Complete your New Naturalist collection with Harper Collins's facsimile versions, which are printed on demand. Amphibians and Reptiles was first published in 2000.
Building on the solid foundations established by the two earlier New Naturalist volumes on this subject, eminent herpetologists Trevor Beebee and Richard Griffiths have brought together a wealth of new and fascinating information on the British amphibians and reptiles.
An introductory chapter looks at the subject of biogeography and how factors such as geological history, latitude and climate affect ecology, life histories and behaviour. The authors then go on to discuss historical interest in amphibians and reptiles, from how they have featured in witchcraft and legends to modern perspectives. A third chapter covers basic biology of amphibians and reptiles, before each of the main groups – newts, frogs and toads, lizards, snakes and chelonians – are examined in further detail. A comprehensive account for each species covers behaviour, life history, reproduction and distribution, as well as ecology and conservation status, areas in which significant discoveries have been made in recent years. There is also a chapter with important new information on the burgeoning number of introduced species in Britain, such as bullfrogs, alpine newts and wall lizards.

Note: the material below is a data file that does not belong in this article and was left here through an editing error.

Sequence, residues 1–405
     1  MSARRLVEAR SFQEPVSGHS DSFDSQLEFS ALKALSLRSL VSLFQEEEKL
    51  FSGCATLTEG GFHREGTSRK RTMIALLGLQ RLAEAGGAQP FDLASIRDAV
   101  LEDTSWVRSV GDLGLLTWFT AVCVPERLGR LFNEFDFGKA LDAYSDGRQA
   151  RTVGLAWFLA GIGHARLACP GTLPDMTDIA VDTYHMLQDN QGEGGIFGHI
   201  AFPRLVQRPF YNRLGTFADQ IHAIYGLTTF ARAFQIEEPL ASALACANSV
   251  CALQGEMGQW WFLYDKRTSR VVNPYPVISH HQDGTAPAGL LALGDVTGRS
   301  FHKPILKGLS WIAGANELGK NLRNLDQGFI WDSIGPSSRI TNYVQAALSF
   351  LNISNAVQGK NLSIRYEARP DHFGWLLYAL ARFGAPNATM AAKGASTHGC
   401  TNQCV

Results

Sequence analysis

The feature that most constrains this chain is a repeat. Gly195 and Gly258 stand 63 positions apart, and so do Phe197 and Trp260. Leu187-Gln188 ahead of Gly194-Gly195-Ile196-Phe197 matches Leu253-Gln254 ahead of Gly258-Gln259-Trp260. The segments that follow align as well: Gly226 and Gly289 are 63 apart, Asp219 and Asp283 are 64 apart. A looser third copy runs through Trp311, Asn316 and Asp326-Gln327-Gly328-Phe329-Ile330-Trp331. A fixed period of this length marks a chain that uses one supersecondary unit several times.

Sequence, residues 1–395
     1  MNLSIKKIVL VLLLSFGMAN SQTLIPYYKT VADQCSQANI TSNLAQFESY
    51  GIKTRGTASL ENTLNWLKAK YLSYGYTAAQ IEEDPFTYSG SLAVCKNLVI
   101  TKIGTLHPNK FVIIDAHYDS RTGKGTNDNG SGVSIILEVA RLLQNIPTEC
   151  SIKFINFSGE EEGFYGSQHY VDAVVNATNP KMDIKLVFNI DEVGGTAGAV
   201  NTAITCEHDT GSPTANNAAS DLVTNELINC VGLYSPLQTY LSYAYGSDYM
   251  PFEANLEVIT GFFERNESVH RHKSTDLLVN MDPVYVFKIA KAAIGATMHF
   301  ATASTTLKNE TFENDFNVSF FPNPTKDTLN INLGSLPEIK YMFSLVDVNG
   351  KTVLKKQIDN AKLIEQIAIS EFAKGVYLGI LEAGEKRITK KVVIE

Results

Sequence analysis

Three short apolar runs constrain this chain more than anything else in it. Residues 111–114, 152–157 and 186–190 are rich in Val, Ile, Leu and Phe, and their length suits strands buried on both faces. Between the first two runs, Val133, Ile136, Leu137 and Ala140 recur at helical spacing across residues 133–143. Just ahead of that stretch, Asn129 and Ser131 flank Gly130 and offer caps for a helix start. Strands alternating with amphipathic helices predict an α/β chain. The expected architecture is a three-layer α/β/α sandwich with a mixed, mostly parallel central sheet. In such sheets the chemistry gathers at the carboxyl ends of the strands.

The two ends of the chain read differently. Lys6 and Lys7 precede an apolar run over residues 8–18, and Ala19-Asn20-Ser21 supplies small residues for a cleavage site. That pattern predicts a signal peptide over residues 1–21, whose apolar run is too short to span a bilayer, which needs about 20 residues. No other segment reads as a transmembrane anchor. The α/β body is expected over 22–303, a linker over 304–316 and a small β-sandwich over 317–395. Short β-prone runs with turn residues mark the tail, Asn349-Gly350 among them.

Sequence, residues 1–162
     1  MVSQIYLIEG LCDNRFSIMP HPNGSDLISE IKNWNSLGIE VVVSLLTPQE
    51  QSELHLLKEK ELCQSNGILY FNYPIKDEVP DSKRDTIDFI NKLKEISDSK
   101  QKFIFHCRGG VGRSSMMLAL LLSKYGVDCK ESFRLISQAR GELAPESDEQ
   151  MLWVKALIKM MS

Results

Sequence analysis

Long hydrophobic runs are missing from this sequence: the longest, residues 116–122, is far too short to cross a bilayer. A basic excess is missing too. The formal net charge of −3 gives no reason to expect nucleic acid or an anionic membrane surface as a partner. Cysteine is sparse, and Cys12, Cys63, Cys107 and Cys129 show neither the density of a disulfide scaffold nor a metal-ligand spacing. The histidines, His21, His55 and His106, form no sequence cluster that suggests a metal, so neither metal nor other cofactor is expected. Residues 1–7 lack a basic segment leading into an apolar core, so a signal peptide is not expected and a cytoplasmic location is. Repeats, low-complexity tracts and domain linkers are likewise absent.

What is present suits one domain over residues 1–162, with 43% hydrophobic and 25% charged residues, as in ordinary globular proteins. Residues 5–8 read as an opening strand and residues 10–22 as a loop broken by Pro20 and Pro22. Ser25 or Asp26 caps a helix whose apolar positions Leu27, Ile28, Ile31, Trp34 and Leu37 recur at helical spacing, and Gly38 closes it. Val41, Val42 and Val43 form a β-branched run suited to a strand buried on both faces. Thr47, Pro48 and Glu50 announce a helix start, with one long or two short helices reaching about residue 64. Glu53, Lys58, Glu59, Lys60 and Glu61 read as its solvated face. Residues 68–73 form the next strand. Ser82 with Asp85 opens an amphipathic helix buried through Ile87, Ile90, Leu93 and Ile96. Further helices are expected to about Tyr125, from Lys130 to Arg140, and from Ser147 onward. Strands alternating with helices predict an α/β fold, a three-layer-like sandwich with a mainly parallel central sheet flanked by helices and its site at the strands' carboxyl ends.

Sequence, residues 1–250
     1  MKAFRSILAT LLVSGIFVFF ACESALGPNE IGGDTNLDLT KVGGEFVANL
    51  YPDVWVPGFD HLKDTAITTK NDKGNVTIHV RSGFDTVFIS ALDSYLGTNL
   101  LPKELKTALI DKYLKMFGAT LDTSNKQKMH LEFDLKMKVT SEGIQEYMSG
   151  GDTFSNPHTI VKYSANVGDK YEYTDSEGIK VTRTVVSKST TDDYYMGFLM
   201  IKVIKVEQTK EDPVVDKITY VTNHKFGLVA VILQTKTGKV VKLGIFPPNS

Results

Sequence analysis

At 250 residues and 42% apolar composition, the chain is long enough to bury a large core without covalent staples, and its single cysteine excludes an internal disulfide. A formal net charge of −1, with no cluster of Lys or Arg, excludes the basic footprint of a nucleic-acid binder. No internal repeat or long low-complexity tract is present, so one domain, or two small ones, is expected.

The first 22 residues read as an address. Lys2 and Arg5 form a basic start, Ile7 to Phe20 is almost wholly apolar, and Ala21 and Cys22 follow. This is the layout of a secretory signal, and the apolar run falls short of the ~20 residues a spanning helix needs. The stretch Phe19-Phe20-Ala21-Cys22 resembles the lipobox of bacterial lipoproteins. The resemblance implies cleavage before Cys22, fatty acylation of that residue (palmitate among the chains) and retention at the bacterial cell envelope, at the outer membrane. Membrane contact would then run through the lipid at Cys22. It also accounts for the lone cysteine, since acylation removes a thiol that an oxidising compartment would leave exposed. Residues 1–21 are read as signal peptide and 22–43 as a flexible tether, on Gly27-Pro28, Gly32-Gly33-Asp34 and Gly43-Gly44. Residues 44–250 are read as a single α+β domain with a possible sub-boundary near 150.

During the last half century, amphibians and reptiles have been among the most serious casualties of the changing way of life in the British countryside. In recognition of the threats they continue to face, Beebee and Griffiths rightly dedicate a final, substantial chapter to the increasingly important issue of conservation and discuss the measures needed to be taken to ensure the future survival of the British herpetofauna. With over 100 black and white line drawings and illustrations, and an 8-page colour section, this is an authoritative work on a subject of great natural history interest.
"For anyone interested in the natural history and fortunes of our amphibians and reptiles, this book must be required reading [...]"
– British Wildlife